• Set up the work area with the correct vials, needles, and other supplies

Potential salary and job outlook  

The base salary for phlebotomists in the United Kingdom averages £22,997 per year as of June 2024 [1]. How much you earn as a phlebotomist can vary depending on where you live and work. There is a shortage of skilled phlebotomists, especially in London, and it’s expected to grow as new diagnostic techniques, clinic laboratory technology, and automated instruments continue to increase the testing volume [2].

Skills required to become a phlebotomist

As a phlebotomist, you’ll rely on various technical and human skills, such as dexterity, communication, and compassion. This makes sense when you understand the different types of people you may work with and the conditions you work under. Precision counts. For example, a steady hand and nimble fingers are helpful when you apply a tourniquet and insert the needle into the patient's skin.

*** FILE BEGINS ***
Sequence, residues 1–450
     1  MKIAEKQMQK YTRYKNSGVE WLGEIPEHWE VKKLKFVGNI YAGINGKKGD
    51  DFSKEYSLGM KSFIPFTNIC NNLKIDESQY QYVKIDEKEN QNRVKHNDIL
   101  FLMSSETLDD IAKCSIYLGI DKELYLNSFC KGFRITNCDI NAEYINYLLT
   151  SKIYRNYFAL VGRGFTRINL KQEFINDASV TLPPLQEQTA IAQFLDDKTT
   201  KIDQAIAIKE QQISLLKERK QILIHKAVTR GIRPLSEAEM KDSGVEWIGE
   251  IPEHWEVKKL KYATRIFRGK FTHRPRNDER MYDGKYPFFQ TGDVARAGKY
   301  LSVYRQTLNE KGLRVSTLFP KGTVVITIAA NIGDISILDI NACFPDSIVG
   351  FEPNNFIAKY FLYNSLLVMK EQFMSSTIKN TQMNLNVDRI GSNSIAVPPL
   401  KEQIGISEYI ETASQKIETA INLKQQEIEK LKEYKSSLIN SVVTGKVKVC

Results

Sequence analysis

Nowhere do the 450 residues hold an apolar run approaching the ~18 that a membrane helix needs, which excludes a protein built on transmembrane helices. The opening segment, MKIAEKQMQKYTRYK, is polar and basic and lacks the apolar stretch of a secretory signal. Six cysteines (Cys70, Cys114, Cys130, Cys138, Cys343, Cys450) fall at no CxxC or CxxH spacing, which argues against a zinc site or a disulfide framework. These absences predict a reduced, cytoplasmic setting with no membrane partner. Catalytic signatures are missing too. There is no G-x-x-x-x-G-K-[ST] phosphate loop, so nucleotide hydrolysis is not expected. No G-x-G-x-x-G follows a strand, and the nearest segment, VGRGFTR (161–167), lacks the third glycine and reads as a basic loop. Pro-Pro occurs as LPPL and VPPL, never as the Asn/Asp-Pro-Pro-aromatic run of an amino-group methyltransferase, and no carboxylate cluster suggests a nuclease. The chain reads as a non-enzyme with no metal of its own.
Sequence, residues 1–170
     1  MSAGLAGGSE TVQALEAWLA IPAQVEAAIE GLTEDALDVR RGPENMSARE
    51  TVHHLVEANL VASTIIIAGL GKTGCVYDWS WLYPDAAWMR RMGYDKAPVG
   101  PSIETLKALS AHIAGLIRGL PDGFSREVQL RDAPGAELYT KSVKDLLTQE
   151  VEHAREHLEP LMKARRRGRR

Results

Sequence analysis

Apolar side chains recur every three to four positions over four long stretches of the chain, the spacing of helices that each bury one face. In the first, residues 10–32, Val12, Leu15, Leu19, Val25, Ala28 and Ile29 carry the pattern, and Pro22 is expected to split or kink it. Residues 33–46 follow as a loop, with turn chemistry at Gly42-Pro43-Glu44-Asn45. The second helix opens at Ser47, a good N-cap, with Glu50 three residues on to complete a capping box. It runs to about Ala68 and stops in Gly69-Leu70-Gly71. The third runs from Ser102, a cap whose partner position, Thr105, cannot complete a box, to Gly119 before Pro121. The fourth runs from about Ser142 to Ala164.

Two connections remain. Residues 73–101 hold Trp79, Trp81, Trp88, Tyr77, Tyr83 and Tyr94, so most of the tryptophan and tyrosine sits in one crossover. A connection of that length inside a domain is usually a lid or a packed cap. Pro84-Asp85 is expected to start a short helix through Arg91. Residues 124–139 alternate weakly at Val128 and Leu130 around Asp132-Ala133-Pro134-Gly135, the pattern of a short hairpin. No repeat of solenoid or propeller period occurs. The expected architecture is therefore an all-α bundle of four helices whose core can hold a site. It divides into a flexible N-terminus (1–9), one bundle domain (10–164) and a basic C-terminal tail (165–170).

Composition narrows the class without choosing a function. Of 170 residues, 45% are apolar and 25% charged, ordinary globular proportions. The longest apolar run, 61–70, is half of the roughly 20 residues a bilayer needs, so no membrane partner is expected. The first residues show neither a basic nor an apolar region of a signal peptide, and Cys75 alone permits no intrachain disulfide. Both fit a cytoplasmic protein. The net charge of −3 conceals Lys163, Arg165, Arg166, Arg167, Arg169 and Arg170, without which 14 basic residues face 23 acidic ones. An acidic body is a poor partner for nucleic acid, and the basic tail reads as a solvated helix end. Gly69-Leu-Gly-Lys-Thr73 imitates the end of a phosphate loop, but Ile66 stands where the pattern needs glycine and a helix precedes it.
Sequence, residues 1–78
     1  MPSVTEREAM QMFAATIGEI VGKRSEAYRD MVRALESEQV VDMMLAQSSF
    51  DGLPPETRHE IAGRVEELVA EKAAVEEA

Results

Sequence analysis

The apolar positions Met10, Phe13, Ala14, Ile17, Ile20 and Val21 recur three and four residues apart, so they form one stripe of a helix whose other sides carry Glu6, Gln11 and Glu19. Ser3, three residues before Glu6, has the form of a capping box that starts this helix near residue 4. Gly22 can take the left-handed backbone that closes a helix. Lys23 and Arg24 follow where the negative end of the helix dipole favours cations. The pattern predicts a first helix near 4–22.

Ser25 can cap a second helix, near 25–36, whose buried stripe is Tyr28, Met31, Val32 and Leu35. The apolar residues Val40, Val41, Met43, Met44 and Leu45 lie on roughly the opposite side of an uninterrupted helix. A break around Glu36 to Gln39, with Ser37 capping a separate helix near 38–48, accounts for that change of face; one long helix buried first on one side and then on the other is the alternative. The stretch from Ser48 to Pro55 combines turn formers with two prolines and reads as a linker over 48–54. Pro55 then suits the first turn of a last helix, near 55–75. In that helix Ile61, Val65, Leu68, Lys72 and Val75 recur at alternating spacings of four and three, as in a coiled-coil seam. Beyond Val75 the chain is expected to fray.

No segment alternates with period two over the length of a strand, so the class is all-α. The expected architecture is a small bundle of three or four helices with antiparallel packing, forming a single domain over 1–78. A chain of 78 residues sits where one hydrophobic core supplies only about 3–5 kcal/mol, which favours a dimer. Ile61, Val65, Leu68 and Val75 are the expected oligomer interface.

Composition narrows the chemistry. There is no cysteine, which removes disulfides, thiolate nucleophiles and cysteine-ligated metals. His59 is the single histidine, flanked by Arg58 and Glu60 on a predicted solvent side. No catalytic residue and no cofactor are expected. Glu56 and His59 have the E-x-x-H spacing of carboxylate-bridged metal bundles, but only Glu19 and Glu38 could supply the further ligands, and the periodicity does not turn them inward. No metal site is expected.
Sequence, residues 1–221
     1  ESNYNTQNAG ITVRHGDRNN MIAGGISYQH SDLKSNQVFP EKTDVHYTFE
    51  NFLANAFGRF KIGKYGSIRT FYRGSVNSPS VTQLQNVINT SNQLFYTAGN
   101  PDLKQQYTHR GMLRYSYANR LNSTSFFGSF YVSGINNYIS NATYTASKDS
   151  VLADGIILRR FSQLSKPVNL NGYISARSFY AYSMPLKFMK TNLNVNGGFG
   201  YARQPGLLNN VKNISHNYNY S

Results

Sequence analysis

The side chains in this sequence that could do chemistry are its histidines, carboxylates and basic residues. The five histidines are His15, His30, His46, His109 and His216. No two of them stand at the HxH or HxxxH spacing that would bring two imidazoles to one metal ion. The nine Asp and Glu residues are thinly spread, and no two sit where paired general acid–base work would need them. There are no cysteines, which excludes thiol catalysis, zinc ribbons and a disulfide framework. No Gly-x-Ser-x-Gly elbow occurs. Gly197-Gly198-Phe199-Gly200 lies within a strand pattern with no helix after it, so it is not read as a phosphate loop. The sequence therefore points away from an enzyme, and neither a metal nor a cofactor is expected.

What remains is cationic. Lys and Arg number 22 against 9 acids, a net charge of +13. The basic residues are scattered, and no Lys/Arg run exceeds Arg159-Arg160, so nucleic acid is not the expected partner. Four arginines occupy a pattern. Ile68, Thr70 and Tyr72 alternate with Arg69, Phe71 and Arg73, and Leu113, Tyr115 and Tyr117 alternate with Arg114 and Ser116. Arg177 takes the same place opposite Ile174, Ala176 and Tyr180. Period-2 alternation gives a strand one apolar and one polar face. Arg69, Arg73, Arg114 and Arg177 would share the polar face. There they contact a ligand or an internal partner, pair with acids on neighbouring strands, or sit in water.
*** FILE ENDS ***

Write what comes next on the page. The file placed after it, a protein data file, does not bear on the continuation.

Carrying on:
Some patients feel more comfortable around needles than others. Whether they are five or 50 years old, you may offer support to help them handle their needle-related fears. This could mean slowing down to listen to them, explaining the procedure in terms they understand, and showing them compassion when they may need it most. The following list includes additional skills that can help you be successful as a phlebotomist:

  • Attention to detail

  • Critical thinking

  • Hand-eye coordination

  • Mathematical skills